Anticipate your organization’s needs The majority of CIOs believe that security is the most important future capability. While this might be important, Info-Tech believes that CIOs need to focus more energy on revenue generating capabilities, which will be difficult unless operational tasks are shifted to the Cloud. Your organization will value some capabilities more than others. Do you know what those are? • Consider the following in determining (1) the importance of each capability to your organization, and (2) the level of competence required of each capability • Impact of emerging technologies • Strategic goals of your organization • Regulatory requirements • Demand for integration • Complexity of industry and markets • Customer expectations (your organization’s customers) • Growth projections • … • If you do not think that you can readily assess the (anticipated) importance level or competence level to your organization, talk to your colleagues. Helpful Information • • Corporate strategy • Departmental plans • • Business initiatives • Customer feedback • • Employee engagement surveys • … n = 80
The business needs the CIO to facilitate new product development and identify new market opportunities CIOs can no longer be satisfied with simply “keeping the IT lights on” – they must demonstrate value creation for the business. CIOs can create value by becoming an innovator to support the business, and ensuring that technology is applied wherever possible to create competitive advantage. • Due to its insights into business processes and the needs of multiple business units, IT is well positioned to facilitate enterprise-wide innovation. • IT must lay a foundation for enterprise-wide innovation. Business units will not turn to IT if it continues to manage problems reactively or only innovate within IT. • The CIO must prove to business executives that IT should be involved in innovation projects and earn the mandate to be part of innovation by: • Working extensively with the business to roll out new products and services • Demonstrate the tangible benefits of IT innovating with the business. • Provide the tools to optimize new products or services through practices such as process automation. • Providing the business with appropriate tools and analytics • The right tools can significantly reduce time to production or market. • Analytics are especially valuable for making business decisions. Having timely, accessible, and accurate data will empower decision makers. • Improving the efficiency of business processes • Reducing time or resources necessary to execute processes. “There are no technology projects; there are only business projects with technology components.” - CIOs As Rainmakers: The New Meme, Deconstructed, Jonathan Feldman, Information Week: Global CIO, December, 2012. For more information see Info-Tech’s Institutionalize Innovation Through IT.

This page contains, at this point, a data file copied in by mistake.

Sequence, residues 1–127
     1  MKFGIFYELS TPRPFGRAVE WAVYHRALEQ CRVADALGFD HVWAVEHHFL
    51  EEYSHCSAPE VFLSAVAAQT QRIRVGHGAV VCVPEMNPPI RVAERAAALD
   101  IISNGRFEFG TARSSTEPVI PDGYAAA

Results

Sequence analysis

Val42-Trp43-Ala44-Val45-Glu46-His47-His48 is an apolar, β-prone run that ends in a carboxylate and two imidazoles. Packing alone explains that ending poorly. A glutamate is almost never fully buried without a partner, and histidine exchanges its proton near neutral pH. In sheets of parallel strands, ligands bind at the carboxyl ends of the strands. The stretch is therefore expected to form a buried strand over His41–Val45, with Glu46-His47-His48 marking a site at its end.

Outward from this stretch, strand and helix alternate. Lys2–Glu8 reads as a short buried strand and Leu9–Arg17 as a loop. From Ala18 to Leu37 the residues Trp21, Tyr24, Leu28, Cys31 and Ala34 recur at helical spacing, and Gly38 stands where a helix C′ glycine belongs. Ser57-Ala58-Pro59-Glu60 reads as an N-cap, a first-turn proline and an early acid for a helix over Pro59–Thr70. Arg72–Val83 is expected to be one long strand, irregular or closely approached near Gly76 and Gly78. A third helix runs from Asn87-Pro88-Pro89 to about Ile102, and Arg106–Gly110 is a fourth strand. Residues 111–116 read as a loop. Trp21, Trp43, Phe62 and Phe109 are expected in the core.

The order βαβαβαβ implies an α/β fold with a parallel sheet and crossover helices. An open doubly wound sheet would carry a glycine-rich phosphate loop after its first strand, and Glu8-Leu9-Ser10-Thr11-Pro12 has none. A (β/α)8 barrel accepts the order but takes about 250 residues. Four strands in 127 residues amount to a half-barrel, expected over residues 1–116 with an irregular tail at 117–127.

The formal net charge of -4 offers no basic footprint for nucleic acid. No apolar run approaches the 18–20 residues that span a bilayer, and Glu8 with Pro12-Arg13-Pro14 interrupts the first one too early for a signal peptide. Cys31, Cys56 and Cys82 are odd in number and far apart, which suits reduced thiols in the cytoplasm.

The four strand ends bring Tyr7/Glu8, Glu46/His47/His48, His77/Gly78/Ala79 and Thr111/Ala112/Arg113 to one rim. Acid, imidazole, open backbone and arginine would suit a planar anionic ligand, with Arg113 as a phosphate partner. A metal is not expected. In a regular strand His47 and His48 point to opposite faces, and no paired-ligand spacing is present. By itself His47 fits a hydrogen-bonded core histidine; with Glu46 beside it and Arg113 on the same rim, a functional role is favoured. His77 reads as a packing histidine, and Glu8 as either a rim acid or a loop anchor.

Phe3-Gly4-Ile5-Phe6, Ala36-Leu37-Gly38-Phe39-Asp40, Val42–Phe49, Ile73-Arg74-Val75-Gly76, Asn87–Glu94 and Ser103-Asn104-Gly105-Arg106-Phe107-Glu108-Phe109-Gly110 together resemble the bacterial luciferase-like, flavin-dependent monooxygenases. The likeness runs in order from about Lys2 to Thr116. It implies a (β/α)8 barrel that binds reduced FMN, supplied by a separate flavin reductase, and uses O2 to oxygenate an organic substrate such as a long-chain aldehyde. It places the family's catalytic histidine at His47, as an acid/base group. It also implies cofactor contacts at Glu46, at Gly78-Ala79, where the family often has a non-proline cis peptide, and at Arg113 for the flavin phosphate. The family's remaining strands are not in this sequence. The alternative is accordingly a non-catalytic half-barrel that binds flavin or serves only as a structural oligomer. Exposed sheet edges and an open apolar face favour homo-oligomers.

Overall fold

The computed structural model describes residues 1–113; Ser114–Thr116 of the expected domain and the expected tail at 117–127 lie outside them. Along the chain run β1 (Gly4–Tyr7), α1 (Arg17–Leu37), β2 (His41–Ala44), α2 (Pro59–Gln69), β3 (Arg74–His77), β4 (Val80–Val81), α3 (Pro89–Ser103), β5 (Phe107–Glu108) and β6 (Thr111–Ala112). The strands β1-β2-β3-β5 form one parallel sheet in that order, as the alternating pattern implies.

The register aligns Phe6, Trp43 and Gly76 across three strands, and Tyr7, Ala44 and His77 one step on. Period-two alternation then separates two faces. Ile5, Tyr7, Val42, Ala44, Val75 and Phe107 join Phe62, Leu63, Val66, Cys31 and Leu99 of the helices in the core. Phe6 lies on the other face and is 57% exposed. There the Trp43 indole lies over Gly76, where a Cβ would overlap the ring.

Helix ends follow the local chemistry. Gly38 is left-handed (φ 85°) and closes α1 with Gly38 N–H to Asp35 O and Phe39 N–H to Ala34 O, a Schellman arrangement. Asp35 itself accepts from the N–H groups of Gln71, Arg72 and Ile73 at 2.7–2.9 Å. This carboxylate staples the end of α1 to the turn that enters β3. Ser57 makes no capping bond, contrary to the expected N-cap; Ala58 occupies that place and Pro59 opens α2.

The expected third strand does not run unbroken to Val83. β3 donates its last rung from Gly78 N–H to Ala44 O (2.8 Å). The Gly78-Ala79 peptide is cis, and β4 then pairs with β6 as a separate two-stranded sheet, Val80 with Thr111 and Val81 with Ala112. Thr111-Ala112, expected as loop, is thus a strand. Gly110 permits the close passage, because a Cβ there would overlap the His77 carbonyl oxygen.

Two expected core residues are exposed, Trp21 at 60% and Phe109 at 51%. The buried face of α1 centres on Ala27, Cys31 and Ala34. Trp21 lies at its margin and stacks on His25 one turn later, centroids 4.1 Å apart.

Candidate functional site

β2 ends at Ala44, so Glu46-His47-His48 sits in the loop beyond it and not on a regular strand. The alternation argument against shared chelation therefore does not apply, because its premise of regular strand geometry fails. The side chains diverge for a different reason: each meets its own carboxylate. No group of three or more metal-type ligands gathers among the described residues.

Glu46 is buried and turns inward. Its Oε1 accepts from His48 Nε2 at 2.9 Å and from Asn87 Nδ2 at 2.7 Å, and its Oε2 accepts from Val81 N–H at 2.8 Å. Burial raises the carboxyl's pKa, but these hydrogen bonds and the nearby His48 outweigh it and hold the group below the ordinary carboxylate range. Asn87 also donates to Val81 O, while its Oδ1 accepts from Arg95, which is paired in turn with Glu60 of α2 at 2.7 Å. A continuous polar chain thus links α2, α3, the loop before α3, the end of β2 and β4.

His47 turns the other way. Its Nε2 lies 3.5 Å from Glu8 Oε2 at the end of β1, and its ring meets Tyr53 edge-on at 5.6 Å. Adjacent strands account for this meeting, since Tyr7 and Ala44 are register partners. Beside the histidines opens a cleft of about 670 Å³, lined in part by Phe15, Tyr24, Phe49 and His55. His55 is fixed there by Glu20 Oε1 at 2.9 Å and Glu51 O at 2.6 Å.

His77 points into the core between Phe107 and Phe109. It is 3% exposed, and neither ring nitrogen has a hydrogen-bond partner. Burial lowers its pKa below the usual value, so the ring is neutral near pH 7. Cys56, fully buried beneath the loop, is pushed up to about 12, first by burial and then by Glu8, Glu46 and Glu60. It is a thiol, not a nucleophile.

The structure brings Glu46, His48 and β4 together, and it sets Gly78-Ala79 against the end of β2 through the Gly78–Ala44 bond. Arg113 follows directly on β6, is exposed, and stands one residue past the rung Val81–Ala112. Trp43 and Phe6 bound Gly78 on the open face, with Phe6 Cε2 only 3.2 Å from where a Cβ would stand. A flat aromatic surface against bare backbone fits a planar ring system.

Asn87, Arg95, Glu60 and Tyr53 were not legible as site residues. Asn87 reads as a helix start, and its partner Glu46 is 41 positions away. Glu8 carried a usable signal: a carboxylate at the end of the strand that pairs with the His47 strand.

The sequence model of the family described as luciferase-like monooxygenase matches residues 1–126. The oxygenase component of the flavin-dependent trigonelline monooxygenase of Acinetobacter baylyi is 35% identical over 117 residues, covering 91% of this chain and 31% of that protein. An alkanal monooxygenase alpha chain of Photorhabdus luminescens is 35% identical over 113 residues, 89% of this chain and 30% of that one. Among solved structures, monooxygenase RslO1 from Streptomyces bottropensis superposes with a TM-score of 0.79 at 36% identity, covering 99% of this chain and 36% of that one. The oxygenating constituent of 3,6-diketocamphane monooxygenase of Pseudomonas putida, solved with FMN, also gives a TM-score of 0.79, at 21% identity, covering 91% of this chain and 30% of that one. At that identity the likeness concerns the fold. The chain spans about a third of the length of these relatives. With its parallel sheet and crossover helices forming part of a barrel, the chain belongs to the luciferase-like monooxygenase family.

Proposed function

The CIO must be a technology visionary and business advisor and assist with revenue generation CIOs must serve as the key advisor on technologies to help the business make the right technology decisions and drive business revenue. Given the incredibly fast paced IT environment, businesses need a CIO that can demonstrate value by: • Serving as the key advisor on emerging information technologies. • Identifying technologies that will drive more value from the organization’s processes, products, and services. • Increasing top-line results through new business models and better use of data. By staying on top of emerging technologies, assessing their potential impact, and helping the organization to embrace the resulting business transformations as smoothly as possible, the CIO can create competitive advantage for the firm and ultimately drive business revenue. There is also the opportunity for IT to directly help generate revenue for other departments within the organization such as marketing, sales, and customer service. Generally, CIOs do not see themselves as part of the business. CIOs need to understand that they have to contribute to the bottom line and particulate with the CEO to help solve business problems. Rather than being simply part of the internal supply-demand process, they need to act as a supplier to the organization’s customers. - Tarry Singh, Managing Partner & CEO, O&I Services